The #100daysofCode challenge was created by Alex Kallaway when he decided that he wanted to become a better programmer. In order to do that, he made a public commitment to code for 100 days in a row, thus helping him to create a new habit. By sharing about his challenge daily, he ended up encouraging a lot of people to do the same and created a movement of people looking for self improvement that goes beyond coding.
Today this movement encompasses several others challenges in the #100DaysOfX, like one hundred days of reading, exercise, foreign languages and even the one hundred days without (#100daysWithout) to help people looking to quit a habit.
It’s proven that making a public commitment improves people’s ability to stick to changes and create new habits. This works very well with me: when I make a commitment with someone it’s very important to me to keep what I promised. Even if no one is looking or asking me for updates, if I make a commitment I feel obligated to go all the way.
This is a great thing, especially if you don’t stick to your plans or projects for long like me. That’s why I decided to start this challenge to encourage myself to learn more about what I’ve been most interested in lately: Hacking!* 🎉
My interest in hacking started a long time ago, but only now I decided to overcome my fear and really learn more about the subject. My sister says something that makes a lot of sense: “When you put yourself in motion things happen”.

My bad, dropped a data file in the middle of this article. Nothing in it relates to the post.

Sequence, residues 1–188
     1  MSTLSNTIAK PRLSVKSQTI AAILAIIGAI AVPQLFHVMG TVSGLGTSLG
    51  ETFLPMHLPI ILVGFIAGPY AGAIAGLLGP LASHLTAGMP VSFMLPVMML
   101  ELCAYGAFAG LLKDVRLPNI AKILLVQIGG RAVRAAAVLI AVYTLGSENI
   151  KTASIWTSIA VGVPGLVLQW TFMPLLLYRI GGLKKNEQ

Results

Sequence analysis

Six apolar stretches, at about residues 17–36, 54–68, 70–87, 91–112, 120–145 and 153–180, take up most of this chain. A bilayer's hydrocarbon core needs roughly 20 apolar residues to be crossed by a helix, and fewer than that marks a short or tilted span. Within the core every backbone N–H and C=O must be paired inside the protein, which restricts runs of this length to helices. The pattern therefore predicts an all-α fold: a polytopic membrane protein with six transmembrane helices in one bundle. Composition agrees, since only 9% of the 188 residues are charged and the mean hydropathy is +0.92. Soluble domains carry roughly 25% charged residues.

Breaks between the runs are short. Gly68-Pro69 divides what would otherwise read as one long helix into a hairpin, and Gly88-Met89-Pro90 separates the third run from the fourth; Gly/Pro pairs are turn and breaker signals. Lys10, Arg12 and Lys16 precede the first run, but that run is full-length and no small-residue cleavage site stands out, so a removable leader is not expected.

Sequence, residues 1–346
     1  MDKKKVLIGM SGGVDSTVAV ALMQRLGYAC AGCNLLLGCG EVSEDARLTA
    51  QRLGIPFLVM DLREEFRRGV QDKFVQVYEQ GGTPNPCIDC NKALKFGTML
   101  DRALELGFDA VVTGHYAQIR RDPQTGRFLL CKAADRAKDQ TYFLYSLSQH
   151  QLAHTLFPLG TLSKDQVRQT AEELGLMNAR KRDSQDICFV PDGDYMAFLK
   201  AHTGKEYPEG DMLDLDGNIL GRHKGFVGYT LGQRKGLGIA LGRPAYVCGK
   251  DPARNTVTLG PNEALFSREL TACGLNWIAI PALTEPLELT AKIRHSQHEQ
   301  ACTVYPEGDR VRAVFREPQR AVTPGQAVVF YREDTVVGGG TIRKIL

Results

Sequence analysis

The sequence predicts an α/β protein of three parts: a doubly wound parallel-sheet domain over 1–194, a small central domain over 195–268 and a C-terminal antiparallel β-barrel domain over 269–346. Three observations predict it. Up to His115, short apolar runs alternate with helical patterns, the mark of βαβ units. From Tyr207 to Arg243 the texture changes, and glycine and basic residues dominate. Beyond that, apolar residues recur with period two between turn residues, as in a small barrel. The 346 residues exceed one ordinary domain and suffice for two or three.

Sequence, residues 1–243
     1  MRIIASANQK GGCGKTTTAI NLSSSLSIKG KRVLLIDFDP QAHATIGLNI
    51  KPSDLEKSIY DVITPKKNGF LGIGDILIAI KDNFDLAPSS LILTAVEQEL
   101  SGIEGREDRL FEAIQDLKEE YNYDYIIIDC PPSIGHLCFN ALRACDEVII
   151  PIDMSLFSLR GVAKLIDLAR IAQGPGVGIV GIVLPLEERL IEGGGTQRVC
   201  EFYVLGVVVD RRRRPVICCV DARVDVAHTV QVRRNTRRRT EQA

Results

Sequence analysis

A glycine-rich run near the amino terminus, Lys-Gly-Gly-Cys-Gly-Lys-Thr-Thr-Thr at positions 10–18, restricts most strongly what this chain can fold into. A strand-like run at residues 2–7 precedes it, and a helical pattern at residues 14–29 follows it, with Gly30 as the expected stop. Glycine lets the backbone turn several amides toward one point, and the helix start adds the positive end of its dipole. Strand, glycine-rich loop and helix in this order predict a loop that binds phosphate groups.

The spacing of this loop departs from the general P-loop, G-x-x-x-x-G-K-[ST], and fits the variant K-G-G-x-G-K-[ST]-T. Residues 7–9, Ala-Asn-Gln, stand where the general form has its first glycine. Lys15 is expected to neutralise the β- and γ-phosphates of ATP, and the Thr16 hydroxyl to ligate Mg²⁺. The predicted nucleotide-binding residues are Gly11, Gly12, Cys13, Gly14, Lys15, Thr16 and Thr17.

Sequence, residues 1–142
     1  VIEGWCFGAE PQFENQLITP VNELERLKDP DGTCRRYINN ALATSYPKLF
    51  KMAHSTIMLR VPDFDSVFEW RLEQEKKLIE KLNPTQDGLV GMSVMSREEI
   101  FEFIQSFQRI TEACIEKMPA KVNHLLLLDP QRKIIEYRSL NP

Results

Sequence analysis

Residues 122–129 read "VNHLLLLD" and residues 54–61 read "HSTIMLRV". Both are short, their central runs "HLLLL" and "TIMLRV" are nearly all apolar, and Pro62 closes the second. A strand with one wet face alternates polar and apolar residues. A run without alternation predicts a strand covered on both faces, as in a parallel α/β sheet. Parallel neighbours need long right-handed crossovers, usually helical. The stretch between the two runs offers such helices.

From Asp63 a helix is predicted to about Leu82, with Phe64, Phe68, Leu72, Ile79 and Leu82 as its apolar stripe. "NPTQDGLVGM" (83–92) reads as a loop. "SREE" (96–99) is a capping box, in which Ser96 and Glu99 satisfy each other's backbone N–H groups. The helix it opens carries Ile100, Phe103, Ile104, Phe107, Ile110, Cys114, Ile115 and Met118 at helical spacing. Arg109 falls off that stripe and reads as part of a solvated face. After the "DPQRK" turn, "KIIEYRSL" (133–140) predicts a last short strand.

And it really happened: when I started to learn more about the subject and follow people that talked about hacking some really cool things started to happen, one of them was being selected to participate in the Bugcrowd Mentorship Program. Bugcrowd is a cybersecurity platform where companies have their bug bounty program to encourage security researchers to test their systems and identify vulnerabilities.
It has being a great learning opportunity, but sometimes work, life and other things gets in the way and I end up not prioritising my hacking studies. So the focus of my 100 days of hacking will be to study, practice and look for security vulnerabilities in web applications.
- Be able to track my learning progress.
- Make better use of the opportunity to be part of the Bugcrowd Mentoring Program.
- An opportunity to practice what I’ve been wanting to do for a while, which is to write more.
- Monday to Friday: study for 1h (theory + practice in labs)
- Saturday and Sunday: Bug hunting for 2 hours
- Write a blog post about what I learned in the week.
Goal at the end of the 100 days: find a valid bug 🐞
*By hacking I’m referring to Web Application Hacking, there are other types but my focus is this one.
*I’m also referring to ethical hacking